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4L80E Transmission Spotlight

4L80E Transmission

The 4L80E was a series of automatic transmissions from General Motors designed for longitudinal engine configurations. It was a new model based on the design of the Turbo-Hydramatic 400, first produced in the year 1963. 4L80Es were initially only available in Chevrolet or GMC trucks, vans, and commercial vehicles, as well as the Hummer H1. It was also adopted by Rolls Royce in 1991 and modified initially for use in the Bentley Continental R, and later other Rolls Royce, Bentley, and Aston Martin luxury vehicles.

The 4L80 nomenclature denotes that the transmission is a 4-Speed, Longitudinally-mounted, and for 8000 lbs. vehicle weights. Maximum engine input torque for the 4L80 is 440 ft. lbs. and the maximum output torque is 885 ft. lbs. The case is die-cast aluminum and was designed for vehicles up to 16,500 lbs. It’s RPO code is “MT1″ and has been domestically manufactured in GM’s Ypsilanti and Willow Run plants.

The torque converter is a fluid turbine drive and like those on its predecessor transmissions; the TH350C, 700R4, and 4L60, the 4L80E features a lock-up pressure plate for direct mechanically coupled driving from the engine crank. The 4L80E also features a 310 mm torque converter. As to length, this transmission is 26-1/4” long. This transmission typically accepts a 6.3-quart fill and features a dry weight of 254 lbs. that can weight up to ~268 lbs. when full. Like some earlier automatic transmissions, the 4L80E features one line pressure tap available for testing and diagnostic purposes, and also feature transmission cooling ports for external transmission oil coolers.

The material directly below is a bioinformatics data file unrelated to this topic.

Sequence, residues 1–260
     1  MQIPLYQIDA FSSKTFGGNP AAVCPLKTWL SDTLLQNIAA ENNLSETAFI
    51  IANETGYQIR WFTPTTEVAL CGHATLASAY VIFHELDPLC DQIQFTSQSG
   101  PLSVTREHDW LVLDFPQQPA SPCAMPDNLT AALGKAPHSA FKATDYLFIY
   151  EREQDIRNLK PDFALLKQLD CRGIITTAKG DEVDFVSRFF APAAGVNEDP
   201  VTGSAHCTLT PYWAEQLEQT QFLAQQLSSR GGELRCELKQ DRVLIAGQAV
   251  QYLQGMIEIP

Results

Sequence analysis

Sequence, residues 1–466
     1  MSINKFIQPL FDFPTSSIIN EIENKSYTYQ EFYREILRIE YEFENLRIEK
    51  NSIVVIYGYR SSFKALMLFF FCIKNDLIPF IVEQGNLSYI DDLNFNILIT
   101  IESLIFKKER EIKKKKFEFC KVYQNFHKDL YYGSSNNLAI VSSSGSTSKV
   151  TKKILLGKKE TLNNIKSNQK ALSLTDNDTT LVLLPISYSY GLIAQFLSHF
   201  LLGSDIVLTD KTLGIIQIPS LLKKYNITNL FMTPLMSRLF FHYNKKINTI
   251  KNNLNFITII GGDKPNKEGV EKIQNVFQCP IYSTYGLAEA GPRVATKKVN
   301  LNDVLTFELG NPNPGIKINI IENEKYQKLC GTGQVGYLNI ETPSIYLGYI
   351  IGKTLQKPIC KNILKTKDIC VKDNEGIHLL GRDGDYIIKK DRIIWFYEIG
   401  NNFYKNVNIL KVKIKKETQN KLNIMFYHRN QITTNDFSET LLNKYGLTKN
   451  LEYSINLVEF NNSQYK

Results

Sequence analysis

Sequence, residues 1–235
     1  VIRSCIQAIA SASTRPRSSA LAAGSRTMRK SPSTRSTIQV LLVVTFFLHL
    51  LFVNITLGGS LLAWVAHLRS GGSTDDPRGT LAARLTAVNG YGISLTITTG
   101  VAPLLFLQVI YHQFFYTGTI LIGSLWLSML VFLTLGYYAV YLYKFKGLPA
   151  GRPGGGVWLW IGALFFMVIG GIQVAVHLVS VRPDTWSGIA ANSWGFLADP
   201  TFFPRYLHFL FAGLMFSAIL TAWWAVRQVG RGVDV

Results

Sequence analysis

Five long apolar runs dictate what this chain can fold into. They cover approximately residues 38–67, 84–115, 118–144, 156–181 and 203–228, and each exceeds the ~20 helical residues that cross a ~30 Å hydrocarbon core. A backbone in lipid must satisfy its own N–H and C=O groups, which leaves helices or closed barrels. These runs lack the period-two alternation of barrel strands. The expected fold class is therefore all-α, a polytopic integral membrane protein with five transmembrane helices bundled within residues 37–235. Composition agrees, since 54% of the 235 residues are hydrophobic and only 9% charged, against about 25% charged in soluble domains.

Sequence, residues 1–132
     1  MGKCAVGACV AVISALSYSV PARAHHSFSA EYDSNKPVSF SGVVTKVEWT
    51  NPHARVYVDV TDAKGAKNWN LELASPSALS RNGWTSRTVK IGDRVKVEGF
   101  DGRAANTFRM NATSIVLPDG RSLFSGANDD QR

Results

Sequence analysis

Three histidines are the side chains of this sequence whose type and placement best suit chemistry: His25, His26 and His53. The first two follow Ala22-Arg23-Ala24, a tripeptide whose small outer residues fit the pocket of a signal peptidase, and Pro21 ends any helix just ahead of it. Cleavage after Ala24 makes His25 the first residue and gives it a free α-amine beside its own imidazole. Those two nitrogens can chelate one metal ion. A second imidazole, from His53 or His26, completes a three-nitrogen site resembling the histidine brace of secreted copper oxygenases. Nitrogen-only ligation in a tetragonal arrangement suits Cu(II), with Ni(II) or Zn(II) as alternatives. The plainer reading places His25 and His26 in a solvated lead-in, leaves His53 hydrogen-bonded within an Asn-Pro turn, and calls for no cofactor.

The 4L80E is intended to operate between the duty range of the 4L60E and the Allison series transmissions, and prior to the current high-powered light-duty (2500-3500 series) truck diesel revolution, Allison transmissions were essentially only used in the medium-duty class (4000 series) trucks. This made the 4L80E the go-to transmission of the era, amongst the popular Big Block style gas and diesel engines of the 1990’s.

In 2006, with the introduction of the landmark and innovative upstart, the 4L80 began to be replaced in several applications, which was without a doubt GM engineers’ ultimate intention. Yet, the 4L80 continued to be used in the GM’s truck line-up such as in 2007 when it was introduced into the Suburban and Yukon XL vehicles with the 6.0L engine.

The 4L80’s staying power found it installed in several vehicles through 2009, such as the G-series vans, the AM General Hummvee, the W-Series, Isuzu and Workhorse chassis trucks. GM 4L80E transmissions are often overlooked, yet is a top-rated leading option. This four-speed overdrive trans works with just about any power level and engine combination. It is based largely on the TH400 in strength and parts. The difference is the added overdrive gear, advanced electronic controls, and a lock-up torque converter.